There is much-continued controversy about the death of Harambe — a 17-year-old Western lowland gorilla who was shot by zoo officials after a 4-year-old boy climbed into his enclosure a t the Cincinnati Zoo. Some continue to rage, some people are reaching out to show their compassion for the loss.
Many disagree about whether or not Harambe was a threat to the child. But one noted luminary in the world of primates, Dr. Jane Goodall, has suspended making a judgment, for now. While she’s made no official statement of her position on the incident, Goodall did write a letter to Thane Maynard, the director of the Cincinnati Zoo.
“Dear Thane,” Goodall wrote,
“I feel so sorry for you, having to try to defend something which you may well disapprove of. I tried to see exactly what was happening and it looked as though the gorilla was putting an arm around the child, like the female who rescued and returned the child from the Chicago exhibit.”
In what could be interpreted as showing a bit of doubt about the decision to shoot the endangered animal, Goodall is referring to what happened at the Brookfield Zoo in 1996: A 3-year-old boy fell into Binti Jua’s enclosure and she protected him, while carrying her own baby on her back. Watch below and see the 1996 incident; Binti Juan was named a hero and savior!
The defense she refers to is Maynard’s statement after the loss:
“We are heartbroken about losing Harambe, but a child’s life was in danger and a quick decision had to be made by our Dangerous Animal Response Team. Our first response was to call the gorillas out of the exhibit. The two females complied, but Harambe did not. It is important to note that with the child still in the exhibit, tranquilizing the 450-pound gorilla was not an option. Tranquilizers do not take effect for several minutes and the child was in imminent danger. On top of that, the impact from the dart could agitate the animal and cause the situation to get much worse.”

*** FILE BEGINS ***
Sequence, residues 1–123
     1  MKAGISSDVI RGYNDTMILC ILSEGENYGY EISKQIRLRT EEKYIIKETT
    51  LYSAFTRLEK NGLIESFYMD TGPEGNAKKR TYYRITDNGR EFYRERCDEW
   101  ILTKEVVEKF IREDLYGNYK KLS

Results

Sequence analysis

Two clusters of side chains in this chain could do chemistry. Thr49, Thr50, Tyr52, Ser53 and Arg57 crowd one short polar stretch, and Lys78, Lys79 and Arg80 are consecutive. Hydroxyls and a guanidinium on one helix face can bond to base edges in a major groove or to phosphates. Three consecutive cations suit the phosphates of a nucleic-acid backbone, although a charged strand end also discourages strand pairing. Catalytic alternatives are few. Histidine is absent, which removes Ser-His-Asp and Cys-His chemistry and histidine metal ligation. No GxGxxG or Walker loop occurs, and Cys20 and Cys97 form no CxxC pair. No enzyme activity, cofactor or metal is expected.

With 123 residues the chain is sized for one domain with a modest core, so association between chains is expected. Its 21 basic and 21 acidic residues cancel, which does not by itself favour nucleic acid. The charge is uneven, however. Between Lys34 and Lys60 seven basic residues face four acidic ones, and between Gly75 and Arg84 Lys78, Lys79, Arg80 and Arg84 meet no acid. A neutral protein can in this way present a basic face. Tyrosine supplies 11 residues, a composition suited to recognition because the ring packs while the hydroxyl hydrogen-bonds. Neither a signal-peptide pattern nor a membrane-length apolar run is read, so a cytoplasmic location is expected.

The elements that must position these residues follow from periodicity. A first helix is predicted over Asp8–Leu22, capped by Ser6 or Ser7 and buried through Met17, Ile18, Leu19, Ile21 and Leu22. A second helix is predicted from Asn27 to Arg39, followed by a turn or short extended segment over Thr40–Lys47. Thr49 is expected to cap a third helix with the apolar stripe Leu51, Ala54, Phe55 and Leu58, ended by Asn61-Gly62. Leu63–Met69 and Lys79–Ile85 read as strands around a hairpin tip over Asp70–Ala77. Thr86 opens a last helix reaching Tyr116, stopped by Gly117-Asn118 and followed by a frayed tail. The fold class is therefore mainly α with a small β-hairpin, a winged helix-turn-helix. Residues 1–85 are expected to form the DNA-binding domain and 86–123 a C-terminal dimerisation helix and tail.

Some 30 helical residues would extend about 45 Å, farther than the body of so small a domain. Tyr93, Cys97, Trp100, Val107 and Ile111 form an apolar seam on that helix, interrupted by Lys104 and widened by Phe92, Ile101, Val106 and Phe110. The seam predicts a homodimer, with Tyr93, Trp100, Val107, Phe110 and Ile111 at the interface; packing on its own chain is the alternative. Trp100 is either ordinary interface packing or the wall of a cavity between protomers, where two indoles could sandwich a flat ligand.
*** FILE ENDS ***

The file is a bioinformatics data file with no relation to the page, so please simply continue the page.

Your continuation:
Goodall’s letter continues on to show concern for those suffering in the aftermath: “Anyway, whatever, it is a devastating loss to the zoo, and to the gorillas,” Goodall’s letter continued. “How did the others react? Are they allowed to see, and express grief, which seems to be so important.”
As anger rages against the parents of the boy, the zoo and animal captivity in general, Goodall shows that there’s a way to raise a question, while also being compassionate to everyone mourning the loss of a much-beloved individual.
“Feeling for you,” she signed the letter, “Jane.”
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